One of the distinctive like features of law-like statements has been taken to be that warrant the inference of counterfactual conditionals. For example “Metals expand when heated warrants the inference of the statements “If x were a metal, x would expand” as well as “If this metal had been heated, it would have expanded” were the conclusions are two forms of counterfactual conditionals. Accidental generalizations would only warrant the inference of a special type of counterfactual conditional, called by Goodman “counteridenticals”, an example of which is “If this coin were one of those which actually are in my pocket, it would be silver”. The assumption that there is a distinctive type of inference associated whit law-like statements has led to the view that such an inference provides information about Natural Laws.1 However, philosophers concerned with the problems presented by counterfactual conditionals have not considered in detail what the conditions in which a conditional is counterfactual are. These conditions have been regarded as suficiently clear and uncontroversial. Here I shall argue that this is not case. When these conditions are analyzed, the thesis that whereas counterfactuals are implied only by law-like statements counteridenticals are implied by accidental generalizations turns out to be tautological. It neither provides information about the nature of law-like statements nor warrants the conclusion that the derivation of counterfactual conditionals involves a new type of inference in need of clarification. A first restriction in the application of the terms “counterfactual” and “counteridentical” is called for. We shall apply them to those conditionals where there is a presumption that the antecedent is false.2 Such a presumption is normally conveyed by using the subjunctive mood. Of course there are uses of the subjunctive in which this presumption is not made, for example, on occasions the subjunctive mood is used to indicate what the consequences or certain premises are without making any suggestion of their truth values. Conditional of this latter type many be called “merely subjunctive” to distinguish them from those of the former type to which the term “counterfactual” may be applied. To simplify our argument, in what follows we shall call “counterfactuals” only those conditionals which are not counteridenticals, i.e., those conditionals which can only be derived from law-like statements. Now is should be clear that the distinction between counterfactuals and counteridenticals. But how is it possible to characterize the distinction between these conditionals? A characterization of the distinction between these conditionals might be attempted assuming that there are typical logical forms of statements regarded as counterfactuals or counteridenticals. However, this assumption is attended by the difficultly that there are counterfactuals with similar logical form to counteridenticals with similar logical form to counteridenticals ; in what follows we shall consider examples of both. If I have three ravens in a box which cannot be seen by another person and I want to test his zoological knowledge, I might ask what would be the colour of a certain animal if it were one of the ravens in this box . A specific answer to this question, particularly when it is derived from a law-like statement and not from an acquaintance whit the animals in the box, may be regarded as stating a counterfactual conditional in spite of the fact that it has similar logical form to some counteridenticals and only a restricted classis mentioned. On the other hand Goodman has noted that “descriptions of particular facts can be cast in a form having any desired degree of syntactical universality. “Book B is small” becomes “Everything that is Q is small” if Q stands for some predicate that applies uniquely to B”.3 Thus is possible to formulate a counteridentical in purely general terms similar to those of counterfactuals. At this stage it seems reasonable to conclude that the logical form of a statement, by itself, is neither a necessary nor a sufficient condition for its being a counterfactual or a counteridentical. An alternative proposal might be that only the logical form of standard . Examples of counterfactuals will be shown to be different from that of counterfactuals will be shown to be different from that of counteridenticals. The counterexamples because sp far advanced would not be normally regarded as standard examples because for special reasons either there are pieces of knowledge withheld from the hearer and which are required for the confirmation of these statements, or they suggest information which in fact does not hold. For example, in the case of our example of a counterfactual with similar logical form a counteridentical, the linguistic form used (“What would be the colour of this animal if it were one of the ravens in this box?”) suggests that there is a law-like connexion between the colour of a raven, and its being in a box. The information that all ravens are black is naturally withheld from the hearer. But if we want to distinguish between standard and non-standard examples of these conditionals all information provided and no information relevant to that purpose should be withheld from the hearer when it is available to the speaker. Thus, even if we were to succeed in proving logical forms characteristic of would be necessary, to distinguish between different types of evidence for counteridenticals the evidence for counterfactuals is not complete in the above sense. Counterfactuals formulated in restricted terms or counteridenticals expressed in purely general terms or counteridenticals expressed in purely general terms are odd, for they do not indicate that type of evidence can be provided to support the corresponding statements. However, our observation concerning different types of evidence reintroduces an analogous distinction to that existing between law-like statements and accidental generalizations because, as pointed out by Goodman “A general statement in law-like if and only if it is acceptable prior to the determination 1f all its instances”.4 The law-like character of a statement and the fact that predictions can be derived from it is in many cases marked off by using the subjunctive mood: “If this were a piece of metal, it would expand”. Thus, we may conclude that when we regard a statement as counterfactual we are indicating, among other things, that the statement is a law-like one . We can arrive at a similar conclusion if we reflect upon the fact that the since the distinction between counterfactuals and counteridenticals does not merely depend on the logical form of the corresponding statements, it will have to depend on what is stated by them. The sort of connexion holding between these antecedent and consequent is the most plausible candidate for distinguish between these conditionals. Thus, as a result of our observations we may conclude that when we regard a statement as a counterfactual we are indicating, among other things, that it can be inferred from a law-like statement. Thus, to say that only law-like statement. Thus, to say that only law-like statements which suggest the falsehood of their antecedents and either are derived from law-like statements or can be characterized in terms of them. Counteridenticals would be those statements which suggest the falsehood of the antecedent without being deductible from law-like statements. Even if the existence of a distinctive pattern of inference associated whit law-like statements has not been refuted, at least it may be granted that the introduction of the concepts of counterfactual conditional and counterfactual inference is not likely to shed too much light on the nature of law-like statements. Notas a pie de página 1Goodman, N., Fact, Fiction & Forecast, London 1954; pp. 23-25. 2 I have examined other uses of the subjunctive mood not considered here in “On subjunctive Conditionals”, Journal of Philosophy, vol. LXIV, No.10, May 25, 1967. 3 Goodman, op. cit., p. 26. 4 Goodman, op. cit., pp. 27-28. Resumen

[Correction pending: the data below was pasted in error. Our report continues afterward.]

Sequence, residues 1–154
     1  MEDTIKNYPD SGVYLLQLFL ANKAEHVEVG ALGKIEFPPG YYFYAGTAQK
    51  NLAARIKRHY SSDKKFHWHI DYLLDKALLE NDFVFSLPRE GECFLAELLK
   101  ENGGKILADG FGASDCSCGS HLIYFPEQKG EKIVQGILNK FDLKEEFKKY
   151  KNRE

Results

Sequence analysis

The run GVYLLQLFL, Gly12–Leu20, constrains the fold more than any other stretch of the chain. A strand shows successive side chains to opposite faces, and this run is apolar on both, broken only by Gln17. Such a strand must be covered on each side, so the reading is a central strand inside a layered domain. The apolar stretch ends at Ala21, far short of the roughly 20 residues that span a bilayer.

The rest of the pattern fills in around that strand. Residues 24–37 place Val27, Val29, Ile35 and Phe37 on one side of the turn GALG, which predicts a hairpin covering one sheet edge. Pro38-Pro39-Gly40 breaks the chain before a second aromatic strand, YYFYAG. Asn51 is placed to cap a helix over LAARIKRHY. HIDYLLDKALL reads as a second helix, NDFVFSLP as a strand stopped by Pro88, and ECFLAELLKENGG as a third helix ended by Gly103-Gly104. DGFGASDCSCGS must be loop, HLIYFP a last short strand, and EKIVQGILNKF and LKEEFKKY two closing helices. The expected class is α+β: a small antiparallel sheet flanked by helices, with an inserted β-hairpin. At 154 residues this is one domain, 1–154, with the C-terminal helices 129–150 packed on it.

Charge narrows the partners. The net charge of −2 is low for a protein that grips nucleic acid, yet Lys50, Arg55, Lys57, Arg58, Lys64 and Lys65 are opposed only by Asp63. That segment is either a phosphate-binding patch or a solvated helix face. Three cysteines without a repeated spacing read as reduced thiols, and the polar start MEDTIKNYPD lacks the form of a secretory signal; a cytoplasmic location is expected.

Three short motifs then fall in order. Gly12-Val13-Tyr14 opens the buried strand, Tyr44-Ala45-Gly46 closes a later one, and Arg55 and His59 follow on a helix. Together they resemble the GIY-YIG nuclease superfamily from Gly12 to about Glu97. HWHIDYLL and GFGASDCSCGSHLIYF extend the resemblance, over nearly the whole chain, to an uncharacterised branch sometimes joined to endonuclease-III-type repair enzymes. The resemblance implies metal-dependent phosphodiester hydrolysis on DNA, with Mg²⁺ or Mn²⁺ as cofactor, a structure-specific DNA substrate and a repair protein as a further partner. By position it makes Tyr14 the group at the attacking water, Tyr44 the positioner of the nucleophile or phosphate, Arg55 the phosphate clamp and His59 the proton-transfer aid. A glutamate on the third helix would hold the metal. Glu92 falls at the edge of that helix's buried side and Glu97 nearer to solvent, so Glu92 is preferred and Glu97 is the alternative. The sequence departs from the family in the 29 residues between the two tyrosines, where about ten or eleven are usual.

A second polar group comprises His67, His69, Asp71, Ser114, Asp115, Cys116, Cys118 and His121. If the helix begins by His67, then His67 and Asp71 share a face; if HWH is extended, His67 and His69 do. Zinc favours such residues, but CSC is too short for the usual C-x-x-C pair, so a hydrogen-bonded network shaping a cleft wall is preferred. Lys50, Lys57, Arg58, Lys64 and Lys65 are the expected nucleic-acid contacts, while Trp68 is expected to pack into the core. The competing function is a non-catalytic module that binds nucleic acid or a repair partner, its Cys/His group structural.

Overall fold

Idioma
spa
ISSN
ISSN electrónico: 1870-4905; ISSN impreso: 0011-1503